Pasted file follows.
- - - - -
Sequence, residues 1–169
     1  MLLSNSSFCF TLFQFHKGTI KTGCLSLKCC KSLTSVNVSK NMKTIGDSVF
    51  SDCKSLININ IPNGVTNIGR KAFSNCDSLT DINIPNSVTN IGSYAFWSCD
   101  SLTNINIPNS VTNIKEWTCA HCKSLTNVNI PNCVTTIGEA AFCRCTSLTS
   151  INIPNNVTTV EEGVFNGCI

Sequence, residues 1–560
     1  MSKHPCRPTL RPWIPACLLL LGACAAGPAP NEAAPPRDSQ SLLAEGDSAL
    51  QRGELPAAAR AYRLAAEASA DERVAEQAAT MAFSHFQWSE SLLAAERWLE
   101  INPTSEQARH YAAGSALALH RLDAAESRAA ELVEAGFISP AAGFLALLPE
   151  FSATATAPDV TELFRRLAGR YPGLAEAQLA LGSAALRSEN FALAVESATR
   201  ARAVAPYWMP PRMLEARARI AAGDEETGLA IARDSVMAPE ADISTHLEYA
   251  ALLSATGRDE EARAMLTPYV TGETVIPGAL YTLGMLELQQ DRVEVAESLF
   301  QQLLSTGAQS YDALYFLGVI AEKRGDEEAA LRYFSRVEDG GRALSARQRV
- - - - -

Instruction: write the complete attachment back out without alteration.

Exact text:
Sequence, residues 1–169
     1  MLLSNSSFCF TLFQFHKGTI KTGCLSLKCC KSLTSVNVSK NMKTIGDSVF
    51  SDCKSLININ IPNGVTNIGR KAFSNCDSLT DINIPNSVTN IGSYAFWSCD
   101  SLTNINIPNS VTNIKEWTCA HCKSLTNVNI PNCVTTIGEA AFCRCTSLTS
   151  INIPNNVTTV EEGVFNGCI

Sequence, residues 1–560
     1  MSKHPCRPTL RPWIPACLLL LGACAAGPAP NEAAPPRDSQ SLLAEGDSAL
    51  QRGELPAAAR AYRLAAEASA DERVAEQAAT MAFSHFQWSE SLLAAERWLE
   101  INPTSEQARH YAAGSALALH RLDAAESRAA ELVEAGFISP AAGFLALLPE
   151  FSATATAPDV TELFRRLAGR YPGLAEAQLA LGSAALRSEN FALAVESATR
   201  ARAVAPYWMP PRMLEARARI AAGDEETGLA IARDSVMAPE ADISTHLEYA
   251  ALLSATGRDE EARAMLTPYV TGETVIPGAL YTLGMLELQQ DRVEVAESLF
   301  QQLLSTGAQS YDALYFLGVI AEKRGDEEAA LRYFSRVEDG GRALSARQRV